"P.L. 111-203 § 1011. Although the CFP Act requires the CFPB Director to be confirmed by the Senate, the President could appoint a Director temporarily without Senate confirmation through his constitutionally provided power to make recess appointments. See U.S. Const., art. II, § 2, cl. 3 (“The President shall have Power to fill up all Vacancies that may happen during the Recess of the Senate, by granting Commissions which shall expire at the End of their next Session.”). A recess-appointed Director likely would be considered to have all of the authorities that would be held by a Senate-confirmed Director.
I have, however, seen other legal analyses that say otherwise. Note the word "likely" in the last sentence, above.
Again, my argument is not that the president can’t appoint the director via recess appointment, but that it can be argued the agency’s powers can’t be transferred to the CFPB until the statutory requirement is satisfied. He can be appointed the director of all he surveys, and still have no legal power, no salary, and no agency until the letter of Dodd-Frank is satisfied. The treasury Department could whip him up some spiffy business card, though. Unless congress defunds that, too. That’s a possibility some legal scholars are arguing, anyway.
I think, however, CRS opinion is correct. The "advice and consent" phrase is pretty pro forma, and reflects the usual nomination/confirmation process, rather than setting up a specific ban on the recess appointment. Certainly, I’d presume the Constitutional recess appointment power would trump the statutory language. It’s amusing to ponder, but it seems pretty clear that a recess appointment to a non-existent position is effectively no appointment at all. Not that there wouldn’t be plenty of lawyers happy to argue otherwise.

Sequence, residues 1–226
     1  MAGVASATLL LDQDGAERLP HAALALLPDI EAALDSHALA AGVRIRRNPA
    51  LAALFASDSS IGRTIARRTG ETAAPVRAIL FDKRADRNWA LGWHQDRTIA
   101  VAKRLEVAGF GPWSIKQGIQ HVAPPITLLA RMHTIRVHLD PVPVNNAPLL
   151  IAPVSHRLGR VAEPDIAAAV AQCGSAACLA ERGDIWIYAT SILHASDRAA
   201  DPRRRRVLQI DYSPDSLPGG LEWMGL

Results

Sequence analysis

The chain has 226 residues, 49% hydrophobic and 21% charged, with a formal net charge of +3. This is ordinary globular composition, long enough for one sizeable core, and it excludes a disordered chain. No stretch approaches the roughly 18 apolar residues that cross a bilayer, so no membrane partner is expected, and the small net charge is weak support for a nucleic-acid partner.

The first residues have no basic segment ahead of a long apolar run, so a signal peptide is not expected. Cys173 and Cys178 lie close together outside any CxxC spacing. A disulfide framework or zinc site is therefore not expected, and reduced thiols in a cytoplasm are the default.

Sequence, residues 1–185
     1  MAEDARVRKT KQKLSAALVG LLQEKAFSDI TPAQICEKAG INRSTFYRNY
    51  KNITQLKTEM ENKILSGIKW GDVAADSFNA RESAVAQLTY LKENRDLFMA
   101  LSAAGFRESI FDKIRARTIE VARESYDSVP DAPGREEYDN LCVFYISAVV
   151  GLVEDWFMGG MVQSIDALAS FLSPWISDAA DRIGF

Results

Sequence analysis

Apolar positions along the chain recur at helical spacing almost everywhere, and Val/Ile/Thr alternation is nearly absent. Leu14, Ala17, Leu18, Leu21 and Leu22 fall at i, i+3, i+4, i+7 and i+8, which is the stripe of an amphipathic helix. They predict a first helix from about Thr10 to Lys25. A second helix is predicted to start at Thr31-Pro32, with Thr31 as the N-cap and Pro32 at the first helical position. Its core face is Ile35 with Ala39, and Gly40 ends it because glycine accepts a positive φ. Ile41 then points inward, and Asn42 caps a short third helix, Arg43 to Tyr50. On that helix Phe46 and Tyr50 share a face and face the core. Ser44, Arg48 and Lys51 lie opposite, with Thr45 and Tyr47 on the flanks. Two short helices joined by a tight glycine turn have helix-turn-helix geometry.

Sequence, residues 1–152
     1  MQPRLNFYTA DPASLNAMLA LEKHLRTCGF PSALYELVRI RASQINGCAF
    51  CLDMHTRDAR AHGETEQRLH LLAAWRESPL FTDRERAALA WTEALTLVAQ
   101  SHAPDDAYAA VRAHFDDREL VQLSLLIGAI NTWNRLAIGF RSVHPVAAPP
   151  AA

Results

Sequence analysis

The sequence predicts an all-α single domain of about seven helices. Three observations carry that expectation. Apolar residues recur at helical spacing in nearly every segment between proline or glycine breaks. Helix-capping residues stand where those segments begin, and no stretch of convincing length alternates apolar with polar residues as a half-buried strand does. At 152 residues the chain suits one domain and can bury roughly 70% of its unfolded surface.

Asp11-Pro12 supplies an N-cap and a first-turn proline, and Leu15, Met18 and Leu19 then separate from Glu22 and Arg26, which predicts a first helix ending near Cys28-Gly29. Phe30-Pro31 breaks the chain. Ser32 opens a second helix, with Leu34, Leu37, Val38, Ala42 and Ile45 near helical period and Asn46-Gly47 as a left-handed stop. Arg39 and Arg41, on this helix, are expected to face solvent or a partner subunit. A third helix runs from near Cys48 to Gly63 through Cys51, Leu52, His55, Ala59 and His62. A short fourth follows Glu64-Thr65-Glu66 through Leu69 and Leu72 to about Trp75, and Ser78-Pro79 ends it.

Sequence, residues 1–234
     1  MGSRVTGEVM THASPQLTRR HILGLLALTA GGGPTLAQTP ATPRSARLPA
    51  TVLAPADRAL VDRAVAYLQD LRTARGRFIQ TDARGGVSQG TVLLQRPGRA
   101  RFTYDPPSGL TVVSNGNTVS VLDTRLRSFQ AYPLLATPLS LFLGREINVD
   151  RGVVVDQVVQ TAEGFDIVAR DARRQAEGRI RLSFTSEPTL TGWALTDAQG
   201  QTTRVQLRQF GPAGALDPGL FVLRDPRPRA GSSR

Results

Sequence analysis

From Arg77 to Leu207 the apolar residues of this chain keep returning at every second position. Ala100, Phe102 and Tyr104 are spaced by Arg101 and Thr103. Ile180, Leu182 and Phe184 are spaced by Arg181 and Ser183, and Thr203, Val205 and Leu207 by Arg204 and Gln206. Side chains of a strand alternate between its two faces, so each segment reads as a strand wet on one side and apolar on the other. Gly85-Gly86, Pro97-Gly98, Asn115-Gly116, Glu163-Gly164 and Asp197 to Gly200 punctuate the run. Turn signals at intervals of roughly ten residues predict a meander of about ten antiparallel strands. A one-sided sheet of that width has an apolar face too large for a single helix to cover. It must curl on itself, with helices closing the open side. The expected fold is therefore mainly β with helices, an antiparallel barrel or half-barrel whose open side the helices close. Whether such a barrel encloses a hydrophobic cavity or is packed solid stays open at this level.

Today’s economic statistical releases:
Auto Sales were mixed last month, coming in at a 13.6 million annual rate, the same as November. Light vehicle sales rose 2.8%, however, the best since the "Cash for Clunkers" program expired in August 2009.
Chain stores are reporting sales throughout the day today. So far, about 1/2 of the reporting stores show improved year-on-year sales from last month. Additionally, some chains are raising their investor guidance following the sales results, confirming improved profitability and sales.
The Challenger Job-Cut Report shows that layoff announcements totaled 41,785 in December. That’s right on trend for the last 3 months.
The ADP Employment Report indicates a big increase in private payroll growth, to 325,000 new jobs for December. While I suspect the overall December Employment Situation, which the BLS will release tomorrow, will be at least mildly positive, 325,000 new jobs seems like a stretch for the month. December’s always a tricky month anyway, due to seasonal employment, and the adjustment factors that try to account for it. A BLS increase of 160,000+ new jobs wouldn’t surprise me tomorrow, though, nor would a tick down in the Unemployment rate.
Initial jobless claims fell 15,000 last week to 372,000 from the prior week’s revised 387,000 (an upward revision of 6,000).
The Bloomberg Consumer Comfort Index rose to -44.8 in the period ended January 1 from -47.5 the prior week.